Hamilton passes Schumacher with record 92nd F1 win in Portugal
Lewis Hamilton became Formula One’s record all-time race-winner on Sunday when he claimed his 92nd victory at the Portuguese Grand Prix to pass Michael Schumacher at the top of the list.
His win lifted him one clear of Schumacher’s 14-year-old record of 91 triumphs after a thrilling inaugural F1 race at the Algarve International Circuit.
After a long hug with his father Anthony who, together with step-mother Linda, had witnessed his historic achievement, Hamilton heaped praise on his Mercedes before joining his race engineer Peter ‘Bono’ Bonnington and Bottas on the podium.
“I owe this and so much to all these guys here and the team at the factory,” said Hamilton.
“For their tremendous work, they are always pushing the barrier higher and higher. It is a privilege working with them… Working with them is inspiring.”
Hamilton fought back after an early scare, when he led but dropped to third after a rain shower, to demonstrate impeccable tire management and flawless judgment as he claimed an eighth win in 12 races this year.
The six-time world champion finished 25.5 seconds clear of his Mercedes team-mate Valtteri Bottas with Red Bull’s Max Verstappen a familiar third.
Hamilton’s triumph added another unprecedented feat to his roster of records. He now has the most wins, a record 97 pole positions, a record 161 podium finishes and a record 45 consecutive points finishes.
The 35-year-old Briton extended his championship lead over Bottas to 77 points.
A seventh world title, which would equal another Schumacher record, now looks all but inevitable with only five races remaining this year.
The 35-year-old Hamilton said the race had been “tough” and he had suffered a cramp.
“Yes, it’s a very physical sport and I had it in my right calf. I was lifting down the straights and it was painful.”
Sainz claims early lead
Charles Leclerc was fourth for Ferrari ahead of a surging Pierre Gasly after an excellent drive in his Alpha Tauri.
Carlos Sainz came home sixth for McLaren to beat Sergio Perez, who recovered from a first-lap clash with Verstappen, to finish seventh for Racing Point ahead of the two Renaults of Esteban Ocon and Daniel Ricciardo.
Four-time world champion Sebastian Vettel, in his final season at Ferrari, finished 10th.
On a cool and breezy day, with light rain forecast, an appreciative crowd of 27,500 were scattered around the new 90,000-capacity circuit, hosting the first Portuguese Grand Prix since 1996, as the drivers completed the pre-race ceremonial, including an anti-racism salute led by Hamilton, in a Black Lives Matter t-shirt, taking a knee.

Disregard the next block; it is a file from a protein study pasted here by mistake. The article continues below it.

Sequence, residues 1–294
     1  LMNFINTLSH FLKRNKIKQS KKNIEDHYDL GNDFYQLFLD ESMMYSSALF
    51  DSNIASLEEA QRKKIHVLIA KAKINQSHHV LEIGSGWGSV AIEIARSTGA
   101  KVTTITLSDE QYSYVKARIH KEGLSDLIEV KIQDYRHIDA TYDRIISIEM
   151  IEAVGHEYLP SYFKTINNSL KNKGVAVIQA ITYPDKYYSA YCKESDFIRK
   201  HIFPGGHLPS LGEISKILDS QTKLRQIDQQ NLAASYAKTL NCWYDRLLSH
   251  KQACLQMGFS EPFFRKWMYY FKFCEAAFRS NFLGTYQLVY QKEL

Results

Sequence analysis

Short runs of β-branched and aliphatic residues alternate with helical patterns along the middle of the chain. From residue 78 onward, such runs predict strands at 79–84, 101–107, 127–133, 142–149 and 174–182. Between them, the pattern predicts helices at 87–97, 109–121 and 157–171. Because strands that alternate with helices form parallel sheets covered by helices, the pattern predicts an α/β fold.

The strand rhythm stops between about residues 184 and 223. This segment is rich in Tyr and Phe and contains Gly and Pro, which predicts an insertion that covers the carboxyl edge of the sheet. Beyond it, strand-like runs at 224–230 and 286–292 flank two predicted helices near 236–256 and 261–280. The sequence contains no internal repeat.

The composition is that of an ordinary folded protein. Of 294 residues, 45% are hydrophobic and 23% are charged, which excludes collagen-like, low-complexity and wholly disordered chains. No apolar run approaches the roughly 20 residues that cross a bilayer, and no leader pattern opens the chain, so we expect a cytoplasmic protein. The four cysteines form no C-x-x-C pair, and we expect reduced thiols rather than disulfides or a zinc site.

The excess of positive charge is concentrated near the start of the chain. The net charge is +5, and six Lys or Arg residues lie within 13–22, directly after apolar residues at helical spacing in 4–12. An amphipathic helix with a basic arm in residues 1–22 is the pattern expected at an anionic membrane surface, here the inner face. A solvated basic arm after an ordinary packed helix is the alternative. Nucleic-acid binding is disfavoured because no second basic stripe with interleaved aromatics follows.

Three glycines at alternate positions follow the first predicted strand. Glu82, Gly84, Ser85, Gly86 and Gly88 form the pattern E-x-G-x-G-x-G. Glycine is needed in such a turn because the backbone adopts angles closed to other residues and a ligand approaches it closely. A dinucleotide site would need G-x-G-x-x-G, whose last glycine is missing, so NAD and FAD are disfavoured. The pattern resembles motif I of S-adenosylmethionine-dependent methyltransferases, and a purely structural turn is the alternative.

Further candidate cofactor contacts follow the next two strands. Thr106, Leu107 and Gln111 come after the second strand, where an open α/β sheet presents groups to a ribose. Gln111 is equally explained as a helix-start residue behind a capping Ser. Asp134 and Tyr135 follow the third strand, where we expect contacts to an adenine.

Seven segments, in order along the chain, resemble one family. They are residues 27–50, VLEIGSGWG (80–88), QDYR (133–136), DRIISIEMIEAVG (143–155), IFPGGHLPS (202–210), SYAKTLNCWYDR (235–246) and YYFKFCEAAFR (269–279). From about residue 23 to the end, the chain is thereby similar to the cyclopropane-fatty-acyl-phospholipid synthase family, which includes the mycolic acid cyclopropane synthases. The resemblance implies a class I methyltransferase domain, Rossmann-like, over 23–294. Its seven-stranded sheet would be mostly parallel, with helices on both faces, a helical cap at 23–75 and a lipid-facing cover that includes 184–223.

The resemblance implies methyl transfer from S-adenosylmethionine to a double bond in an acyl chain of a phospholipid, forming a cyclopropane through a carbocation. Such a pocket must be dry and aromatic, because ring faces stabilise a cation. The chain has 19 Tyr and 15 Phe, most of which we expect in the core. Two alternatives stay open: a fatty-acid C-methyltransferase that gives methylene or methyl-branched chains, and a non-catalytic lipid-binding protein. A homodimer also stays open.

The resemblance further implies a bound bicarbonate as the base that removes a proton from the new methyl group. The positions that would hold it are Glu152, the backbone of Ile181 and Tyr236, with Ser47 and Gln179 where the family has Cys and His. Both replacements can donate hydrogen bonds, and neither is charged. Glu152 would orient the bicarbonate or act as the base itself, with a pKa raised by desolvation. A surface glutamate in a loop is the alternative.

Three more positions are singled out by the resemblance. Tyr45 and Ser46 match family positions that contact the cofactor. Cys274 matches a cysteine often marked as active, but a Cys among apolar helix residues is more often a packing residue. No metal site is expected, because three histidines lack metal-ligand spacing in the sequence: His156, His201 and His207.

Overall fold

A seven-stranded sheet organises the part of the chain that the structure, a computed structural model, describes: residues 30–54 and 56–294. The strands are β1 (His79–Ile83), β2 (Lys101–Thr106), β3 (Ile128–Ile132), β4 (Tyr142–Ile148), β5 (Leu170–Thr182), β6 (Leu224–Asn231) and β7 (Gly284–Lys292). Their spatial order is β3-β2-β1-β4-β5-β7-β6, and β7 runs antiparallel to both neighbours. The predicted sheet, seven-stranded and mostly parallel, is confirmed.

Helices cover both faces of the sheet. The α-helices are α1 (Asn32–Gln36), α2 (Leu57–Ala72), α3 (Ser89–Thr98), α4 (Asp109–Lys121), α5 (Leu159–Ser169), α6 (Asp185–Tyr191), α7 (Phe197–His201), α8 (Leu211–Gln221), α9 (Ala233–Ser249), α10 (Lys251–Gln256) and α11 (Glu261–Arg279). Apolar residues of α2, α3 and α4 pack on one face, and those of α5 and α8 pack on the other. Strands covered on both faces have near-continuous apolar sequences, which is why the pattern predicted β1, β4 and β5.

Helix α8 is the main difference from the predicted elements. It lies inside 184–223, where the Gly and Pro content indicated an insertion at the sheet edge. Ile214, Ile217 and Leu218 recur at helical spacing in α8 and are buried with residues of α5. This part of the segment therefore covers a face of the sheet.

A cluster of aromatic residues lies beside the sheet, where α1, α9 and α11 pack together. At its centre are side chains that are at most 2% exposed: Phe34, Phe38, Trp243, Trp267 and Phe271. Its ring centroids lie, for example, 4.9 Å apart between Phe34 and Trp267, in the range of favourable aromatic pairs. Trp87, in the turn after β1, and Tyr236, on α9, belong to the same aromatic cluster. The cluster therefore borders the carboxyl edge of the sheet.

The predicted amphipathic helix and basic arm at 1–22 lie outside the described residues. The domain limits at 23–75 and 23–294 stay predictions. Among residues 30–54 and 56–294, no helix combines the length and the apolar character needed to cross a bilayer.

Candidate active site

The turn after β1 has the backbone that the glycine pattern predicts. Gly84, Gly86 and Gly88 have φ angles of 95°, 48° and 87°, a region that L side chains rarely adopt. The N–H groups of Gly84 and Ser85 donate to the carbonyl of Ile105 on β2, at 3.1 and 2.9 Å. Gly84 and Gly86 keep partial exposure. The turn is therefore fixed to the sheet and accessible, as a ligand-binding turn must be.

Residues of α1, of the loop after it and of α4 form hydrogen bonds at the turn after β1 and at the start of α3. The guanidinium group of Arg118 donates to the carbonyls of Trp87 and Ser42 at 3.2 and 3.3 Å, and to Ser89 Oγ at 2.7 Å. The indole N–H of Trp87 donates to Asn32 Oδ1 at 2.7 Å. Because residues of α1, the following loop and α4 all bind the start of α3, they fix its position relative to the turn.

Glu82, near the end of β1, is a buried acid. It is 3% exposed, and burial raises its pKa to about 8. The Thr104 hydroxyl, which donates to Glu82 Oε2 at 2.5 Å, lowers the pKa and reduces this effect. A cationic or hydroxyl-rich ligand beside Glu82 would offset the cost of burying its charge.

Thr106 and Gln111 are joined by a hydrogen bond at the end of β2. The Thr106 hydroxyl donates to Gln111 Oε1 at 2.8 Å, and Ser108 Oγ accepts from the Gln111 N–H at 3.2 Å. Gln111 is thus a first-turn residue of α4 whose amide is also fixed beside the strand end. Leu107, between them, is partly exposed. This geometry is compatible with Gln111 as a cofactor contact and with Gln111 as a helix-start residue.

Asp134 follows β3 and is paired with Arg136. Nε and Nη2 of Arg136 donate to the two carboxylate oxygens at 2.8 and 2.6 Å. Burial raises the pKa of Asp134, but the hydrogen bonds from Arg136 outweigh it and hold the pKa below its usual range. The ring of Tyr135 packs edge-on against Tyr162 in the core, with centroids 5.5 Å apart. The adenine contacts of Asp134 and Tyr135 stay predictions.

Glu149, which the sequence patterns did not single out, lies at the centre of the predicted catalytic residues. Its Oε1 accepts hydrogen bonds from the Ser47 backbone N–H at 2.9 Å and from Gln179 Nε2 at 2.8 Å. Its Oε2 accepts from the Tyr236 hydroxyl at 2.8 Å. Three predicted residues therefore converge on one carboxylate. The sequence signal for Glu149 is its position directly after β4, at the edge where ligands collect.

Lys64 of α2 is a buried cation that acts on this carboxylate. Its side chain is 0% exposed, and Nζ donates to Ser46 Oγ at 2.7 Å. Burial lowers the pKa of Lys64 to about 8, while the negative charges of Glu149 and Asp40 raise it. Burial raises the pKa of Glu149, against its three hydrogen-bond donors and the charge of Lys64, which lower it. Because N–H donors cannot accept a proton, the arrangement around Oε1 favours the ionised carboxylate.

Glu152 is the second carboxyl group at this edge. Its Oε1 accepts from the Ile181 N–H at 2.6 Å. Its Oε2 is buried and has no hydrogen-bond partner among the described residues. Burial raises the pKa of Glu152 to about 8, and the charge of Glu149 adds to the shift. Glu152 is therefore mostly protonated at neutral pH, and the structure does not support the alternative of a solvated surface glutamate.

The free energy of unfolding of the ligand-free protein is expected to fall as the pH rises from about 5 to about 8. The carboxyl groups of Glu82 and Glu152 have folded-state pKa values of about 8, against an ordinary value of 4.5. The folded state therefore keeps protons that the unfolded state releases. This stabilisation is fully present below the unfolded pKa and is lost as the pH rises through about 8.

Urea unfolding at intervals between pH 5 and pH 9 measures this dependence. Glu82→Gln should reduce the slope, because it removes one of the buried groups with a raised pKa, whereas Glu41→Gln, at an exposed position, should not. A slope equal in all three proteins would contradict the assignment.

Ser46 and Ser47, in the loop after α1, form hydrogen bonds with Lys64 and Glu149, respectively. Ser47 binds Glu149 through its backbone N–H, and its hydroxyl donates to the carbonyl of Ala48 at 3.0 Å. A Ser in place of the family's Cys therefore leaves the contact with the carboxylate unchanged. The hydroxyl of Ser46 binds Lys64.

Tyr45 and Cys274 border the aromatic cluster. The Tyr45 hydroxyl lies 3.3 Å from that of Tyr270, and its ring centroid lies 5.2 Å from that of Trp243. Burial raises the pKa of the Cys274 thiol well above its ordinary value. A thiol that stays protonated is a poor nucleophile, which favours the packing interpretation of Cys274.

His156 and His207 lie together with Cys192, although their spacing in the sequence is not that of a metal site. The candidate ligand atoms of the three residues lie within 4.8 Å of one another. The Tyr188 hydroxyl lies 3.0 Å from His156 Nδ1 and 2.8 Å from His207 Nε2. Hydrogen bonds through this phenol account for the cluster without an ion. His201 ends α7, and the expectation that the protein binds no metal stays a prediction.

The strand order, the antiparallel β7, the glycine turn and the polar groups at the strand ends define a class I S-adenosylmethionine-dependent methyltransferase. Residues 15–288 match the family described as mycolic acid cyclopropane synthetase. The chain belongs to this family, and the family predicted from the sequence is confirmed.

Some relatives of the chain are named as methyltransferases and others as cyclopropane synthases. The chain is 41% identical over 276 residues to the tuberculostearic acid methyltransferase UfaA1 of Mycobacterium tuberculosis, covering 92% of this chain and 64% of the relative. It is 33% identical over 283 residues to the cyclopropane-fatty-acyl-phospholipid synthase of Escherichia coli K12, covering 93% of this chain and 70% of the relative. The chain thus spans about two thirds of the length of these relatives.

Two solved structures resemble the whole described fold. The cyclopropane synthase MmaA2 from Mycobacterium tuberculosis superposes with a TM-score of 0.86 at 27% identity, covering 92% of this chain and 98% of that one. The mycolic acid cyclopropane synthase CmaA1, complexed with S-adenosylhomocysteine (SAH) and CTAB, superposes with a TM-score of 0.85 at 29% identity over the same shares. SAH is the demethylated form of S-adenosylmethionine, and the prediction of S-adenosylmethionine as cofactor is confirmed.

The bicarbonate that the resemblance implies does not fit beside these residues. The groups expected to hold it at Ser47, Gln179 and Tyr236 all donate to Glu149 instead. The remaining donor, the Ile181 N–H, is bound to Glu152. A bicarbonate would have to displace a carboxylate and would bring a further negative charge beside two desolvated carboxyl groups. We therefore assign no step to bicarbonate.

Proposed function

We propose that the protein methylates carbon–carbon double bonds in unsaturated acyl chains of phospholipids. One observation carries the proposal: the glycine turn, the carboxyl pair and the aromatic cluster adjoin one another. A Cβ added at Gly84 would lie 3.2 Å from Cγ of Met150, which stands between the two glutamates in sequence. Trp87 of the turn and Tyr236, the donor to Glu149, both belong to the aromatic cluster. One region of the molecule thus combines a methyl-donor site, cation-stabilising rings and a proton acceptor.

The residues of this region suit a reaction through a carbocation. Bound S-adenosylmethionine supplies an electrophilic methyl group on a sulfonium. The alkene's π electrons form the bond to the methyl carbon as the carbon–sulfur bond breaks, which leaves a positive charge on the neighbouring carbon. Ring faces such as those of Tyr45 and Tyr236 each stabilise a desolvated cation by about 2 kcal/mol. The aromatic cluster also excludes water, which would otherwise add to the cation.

At the start, Hamilton led away from his record 97th pole while, from third, Verstappen passed Bottas before the Finn surged back to pass him and his team-mate to take the initiative.
As gentle rain fell, Hamilton slithered, while Sainz, on softs, found grip to take the lead, evading a Verstappen-Perez collision, which sent the Racing Point car spinning. Briefly, it was wild stuff.
In the “ice-rink”-like conditions, the Mercedes men, on mediums, needed time to warm their tires before catching and passing Sainz on laps six and seven respectively.
By lap eight, Bottas led Hamilton by 1.8 seconds and Verstappen, third, by four.
Despite the blustery conditions, normal service was, it seemed, resuming.
Raikkonen, in his record-increasing 324th race, was first to pit from softs to mediums, prompting a series of stops as grip diminished.
“Left front is dead, mate,” reported Verstappen before Hamilton echoed that sentiment within two laps.
Almost immediately, he set a fastest lap and by lap 20 had closed on Bottas, passing him with a bust of DRS on the straight. Verstappen pitted and re-joined sixth as Hamilton pulled clear.
All this left Hamilton leading his team-mate by 7.3 seconds on lap 30 with Leclerc third, adrift by 27 seconds.
Hamilton pitted after 40 laps, taking hards and slotting in behind Bottas who led again. The Finn suggested a switch to softs, but when he came in Mercedes gave him the white-walled hards.
For the Englishman, recovered from the early dramas, it was almost a Sunday stroll in the park.
He led by 12 seconds with 21 laps to go, with little more than light rain threatening his progress on another record-breaking day.